Preserving a Cohesive Community in Washington Highlands


This is the fifth story featured in Preservation Works: LISC DC’s Role in Preserving Quality Affordable Housing.  It highlights how preserving affordable homes is not limited to keeping the bricks and mortar for residents. Preservation can also mean that  residents are able to maintain their cohesive community and sense of belonging.

It’s about a fifteen minute walk from the Southern Avenue Metro stop to the Arbor View campus. Within Arbor View, small vegetable gardens sit alongside the parking lot, and a prominently displayed “Free Food” sign points towards the bi-monthly food bank.

Outside the community center, children play on the newly renovated playground. On food bank days, a group of resident volunteers hand out groceries—tomatoes, potatoes, dry goods, juice—to anyone who stops by.


The sense of community at Arbor View is striking. Across generations, residents look after each other. Ms. Cora Clark, resident manager, stands out clearly as the catalyst for this deep engagement. Ms. Clark started working at Arbor View ten years ago. Since then, she started a wide range of programs to help the residents, including weekly movie nights, a summer camp, and nutrition classes.

The food bank, the summer camp, and the daycare not only serve the residents of Arbor View, but are available to the wider southeast community. This engagement of Arbor View residents, not only as recipients of services, but as volunteers themselves, positively impacts the broader neighborhood. The renovations that occurred in 2013 helped to facilitate this sense of community, by expanding and improving the Community Center— creating the physical space for engagement. The new community center contains a library, food pantry, computer lab and multipurpose room. Beyond that, the new community garden and playground reflect the culture of health and wellness that Ms. Clark and the residents worked hard to create.

Arbor View contains 156 rental garden apartments. Most of the units (105) are reserved for residents earning 60% or below of Area Median Income (AMI), and the remaining 51 units are mostly occupied by residents earning less than 80% of AMI.  The Community Preservation and Development Corporation (CPDC), which bought Arbor View from the Greater Southeast Hospital Foundation in 1994, used LIHTC and a DHCD loan to fund full repairs to the majority of the units (105), while the rest only needed minor repairs.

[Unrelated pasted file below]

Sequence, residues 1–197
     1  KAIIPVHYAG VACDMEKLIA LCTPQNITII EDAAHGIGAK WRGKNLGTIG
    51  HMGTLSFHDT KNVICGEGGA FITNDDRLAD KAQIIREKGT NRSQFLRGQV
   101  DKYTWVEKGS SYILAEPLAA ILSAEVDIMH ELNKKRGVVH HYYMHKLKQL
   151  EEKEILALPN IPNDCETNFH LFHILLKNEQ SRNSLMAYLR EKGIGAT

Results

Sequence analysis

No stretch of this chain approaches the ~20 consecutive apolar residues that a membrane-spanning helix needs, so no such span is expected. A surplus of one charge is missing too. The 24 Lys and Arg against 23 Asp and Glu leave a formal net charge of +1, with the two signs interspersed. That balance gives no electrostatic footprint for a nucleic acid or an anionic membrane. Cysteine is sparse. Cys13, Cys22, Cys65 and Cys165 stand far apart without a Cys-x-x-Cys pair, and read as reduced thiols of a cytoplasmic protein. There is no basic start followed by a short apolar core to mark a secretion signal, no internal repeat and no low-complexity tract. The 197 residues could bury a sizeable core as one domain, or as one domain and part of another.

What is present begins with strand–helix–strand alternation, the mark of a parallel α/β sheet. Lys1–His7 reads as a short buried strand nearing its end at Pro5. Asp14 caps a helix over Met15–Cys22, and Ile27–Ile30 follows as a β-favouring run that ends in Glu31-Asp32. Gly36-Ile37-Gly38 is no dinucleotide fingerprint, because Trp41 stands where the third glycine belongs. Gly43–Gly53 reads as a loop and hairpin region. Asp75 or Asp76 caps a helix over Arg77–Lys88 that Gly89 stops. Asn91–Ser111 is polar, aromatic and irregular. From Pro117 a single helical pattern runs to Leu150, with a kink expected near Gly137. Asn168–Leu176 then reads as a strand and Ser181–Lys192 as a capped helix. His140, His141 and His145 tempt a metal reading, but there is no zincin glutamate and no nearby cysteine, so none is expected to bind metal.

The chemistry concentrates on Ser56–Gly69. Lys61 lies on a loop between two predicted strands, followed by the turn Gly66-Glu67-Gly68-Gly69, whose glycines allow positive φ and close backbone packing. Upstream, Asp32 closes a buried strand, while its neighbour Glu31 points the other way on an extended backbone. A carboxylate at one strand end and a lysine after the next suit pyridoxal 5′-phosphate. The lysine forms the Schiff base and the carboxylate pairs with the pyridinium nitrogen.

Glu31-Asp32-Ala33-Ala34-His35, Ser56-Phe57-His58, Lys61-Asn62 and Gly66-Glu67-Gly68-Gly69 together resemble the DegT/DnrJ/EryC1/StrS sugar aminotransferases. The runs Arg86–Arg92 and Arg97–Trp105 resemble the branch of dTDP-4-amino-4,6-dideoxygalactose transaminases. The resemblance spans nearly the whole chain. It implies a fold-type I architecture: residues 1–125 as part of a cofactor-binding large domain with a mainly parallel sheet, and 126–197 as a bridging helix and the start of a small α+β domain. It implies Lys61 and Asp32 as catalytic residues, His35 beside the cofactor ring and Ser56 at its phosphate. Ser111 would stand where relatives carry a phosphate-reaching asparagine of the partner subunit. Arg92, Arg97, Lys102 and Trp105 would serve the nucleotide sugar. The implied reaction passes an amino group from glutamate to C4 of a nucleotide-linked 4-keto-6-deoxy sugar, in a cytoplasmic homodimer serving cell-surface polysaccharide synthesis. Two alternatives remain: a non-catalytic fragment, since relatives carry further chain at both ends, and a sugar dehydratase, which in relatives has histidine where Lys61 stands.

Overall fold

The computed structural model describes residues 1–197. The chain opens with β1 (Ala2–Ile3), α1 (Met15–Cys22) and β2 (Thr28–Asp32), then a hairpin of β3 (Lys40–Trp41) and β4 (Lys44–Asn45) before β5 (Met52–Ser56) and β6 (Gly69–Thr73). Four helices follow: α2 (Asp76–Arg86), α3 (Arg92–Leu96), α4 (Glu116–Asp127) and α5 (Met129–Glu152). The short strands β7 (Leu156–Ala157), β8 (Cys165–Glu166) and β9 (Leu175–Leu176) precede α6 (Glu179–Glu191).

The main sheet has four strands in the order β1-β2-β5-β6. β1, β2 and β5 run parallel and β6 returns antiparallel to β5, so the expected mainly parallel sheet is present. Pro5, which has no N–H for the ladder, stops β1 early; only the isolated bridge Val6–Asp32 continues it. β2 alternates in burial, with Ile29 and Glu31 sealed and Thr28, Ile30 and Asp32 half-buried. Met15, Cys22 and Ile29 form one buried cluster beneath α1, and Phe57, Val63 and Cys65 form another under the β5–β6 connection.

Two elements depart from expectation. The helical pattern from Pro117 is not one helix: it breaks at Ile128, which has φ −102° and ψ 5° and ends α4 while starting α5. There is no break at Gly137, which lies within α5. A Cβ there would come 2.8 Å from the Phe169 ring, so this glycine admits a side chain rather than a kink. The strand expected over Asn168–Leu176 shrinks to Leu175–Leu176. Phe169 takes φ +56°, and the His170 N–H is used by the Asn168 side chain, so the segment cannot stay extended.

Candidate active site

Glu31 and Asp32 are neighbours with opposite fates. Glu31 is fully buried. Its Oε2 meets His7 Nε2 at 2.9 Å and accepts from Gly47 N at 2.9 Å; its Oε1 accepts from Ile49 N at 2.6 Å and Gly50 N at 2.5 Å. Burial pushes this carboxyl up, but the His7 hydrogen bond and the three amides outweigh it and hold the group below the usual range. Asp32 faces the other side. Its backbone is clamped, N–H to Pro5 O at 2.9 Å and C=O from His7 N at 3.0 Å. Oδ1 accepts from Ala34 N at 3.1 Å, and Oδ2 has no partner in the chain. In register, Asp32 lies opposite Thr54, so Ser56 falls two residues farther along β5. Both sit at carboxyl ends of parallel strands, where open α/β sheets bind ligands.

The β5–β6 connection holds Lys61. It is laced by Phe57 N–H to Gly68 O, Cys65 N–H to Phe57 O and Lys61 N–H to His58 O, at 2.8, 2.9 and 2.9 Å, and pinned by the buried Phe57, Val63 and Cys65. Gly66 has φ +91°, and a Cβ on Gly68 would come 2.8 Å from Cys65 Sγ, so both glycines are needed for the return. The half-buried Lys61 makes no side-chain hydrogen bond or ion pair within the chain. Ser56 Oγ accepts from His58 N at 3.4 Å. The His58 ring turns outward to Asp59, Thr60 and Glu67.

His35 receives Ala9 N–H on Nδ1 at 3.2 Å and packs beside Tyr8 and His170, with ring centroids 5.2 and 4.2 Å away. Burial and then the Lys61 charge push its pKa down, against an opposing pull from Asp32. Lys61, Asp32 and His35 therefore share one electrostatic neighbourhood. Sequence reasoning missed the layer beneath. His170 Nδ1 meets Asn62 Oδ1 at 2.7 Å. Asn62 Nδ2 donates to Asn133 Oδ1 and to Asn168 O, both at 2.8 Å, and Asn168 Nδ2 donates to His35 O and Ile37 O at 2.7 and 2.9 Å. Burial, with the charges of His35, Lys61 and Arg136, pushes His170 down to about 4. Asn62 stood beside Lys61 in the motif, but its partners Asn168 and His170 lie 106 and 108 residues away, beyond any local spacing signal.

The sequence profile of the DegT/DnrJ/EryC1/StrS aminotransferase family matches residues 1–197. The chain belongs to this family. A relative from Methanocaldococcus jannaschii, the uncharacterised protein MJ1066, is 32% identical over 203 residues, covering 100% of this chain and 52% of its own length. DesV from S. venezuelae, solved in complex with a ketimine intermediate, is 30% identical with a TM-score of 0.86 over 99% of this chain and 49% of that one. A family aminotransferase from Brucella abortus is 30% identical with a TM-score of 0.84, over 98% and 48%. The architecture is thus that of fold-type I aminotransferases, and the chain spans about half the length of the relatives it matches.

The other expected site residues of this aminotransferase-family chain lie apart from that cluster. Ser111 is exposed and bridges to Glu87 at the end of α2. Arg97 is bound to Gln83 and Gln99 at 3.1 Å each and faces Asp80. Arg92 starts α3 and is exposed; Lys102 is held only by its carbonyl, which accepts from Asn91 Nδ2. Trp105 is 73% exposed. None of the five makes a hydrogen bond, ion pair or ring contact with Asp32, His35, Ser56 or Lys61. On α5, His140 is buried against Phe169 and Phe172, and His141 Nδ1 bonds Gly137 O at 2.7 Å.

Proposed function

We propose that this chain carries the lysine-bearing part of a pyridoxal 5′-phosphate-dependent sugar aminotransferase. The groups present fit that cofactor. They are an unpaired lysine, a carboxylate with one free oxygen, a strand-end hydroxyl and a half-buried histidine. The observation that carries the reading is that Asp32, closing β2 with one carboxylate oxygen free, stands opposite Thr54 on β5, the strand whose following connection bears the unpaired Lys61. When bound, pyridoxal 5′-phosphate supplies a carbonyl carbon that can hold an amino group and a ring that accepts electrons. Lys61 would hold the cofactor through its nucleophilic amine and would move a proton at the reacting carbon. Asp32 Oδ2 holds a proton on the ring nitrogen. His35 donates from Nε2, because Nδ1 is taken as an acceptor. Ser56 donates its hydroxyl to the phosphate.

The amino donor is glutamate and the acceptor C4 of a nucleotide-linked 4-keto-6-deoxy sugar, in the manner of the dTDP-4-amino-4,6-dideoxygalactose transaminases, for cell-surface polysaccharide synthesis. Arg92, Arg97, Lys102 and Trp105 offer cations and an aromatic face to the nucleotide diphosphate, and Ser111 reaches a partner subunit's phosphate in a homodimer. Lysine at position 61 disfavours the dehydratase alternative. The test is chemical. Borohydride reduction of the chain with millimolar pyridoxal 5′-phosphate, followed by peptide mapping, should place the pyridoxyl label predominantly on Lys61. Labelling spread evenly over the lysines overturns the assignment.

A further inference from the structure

By 2012, in order to maintain quality living conditions, the property needed significant rehabilitation, including unit upgrades, such as new kitchens and baths, flooring, improved energy efficiency, new entry door systems, exterior building and balcony repairs, and new lighting. Some units required substantial renovation, including replacing sub-flooring, removing mold-covered balconies, and restoring sagging joists. To finance this renovation, CPDC acquired a

FHA 221(d)(4) mortgage – a federally guaranteed mortgage that is provided through a loan from a private bank. Securing this loan required completion of predevelopment in advance— meaning more upfront expenses than usual. LISC DC provided a $100,000 recoverable grant to cover approximately 20% of the overall predevelopment budget for the project; this enabled the recapitalization process to move forward.

However; by 2013, increases in interest rates created an unforeseen financing gap. The property rents could support less hard debt under the program than they could support a year prior. Further, HUD required very large reserves to be funded at closing. To help cover this gap, we provided a $750,000 loan.

LISC DC played dual roles in this project—an early supporter, recognizing CPDC’s vision, and a problem solver, assisting when obstacles arose. By investing in Arbor View, we helped CPDC to preserve and enhance affordable homes and a vibrant, cohesive community, with positive impacts for the broader Southeast community.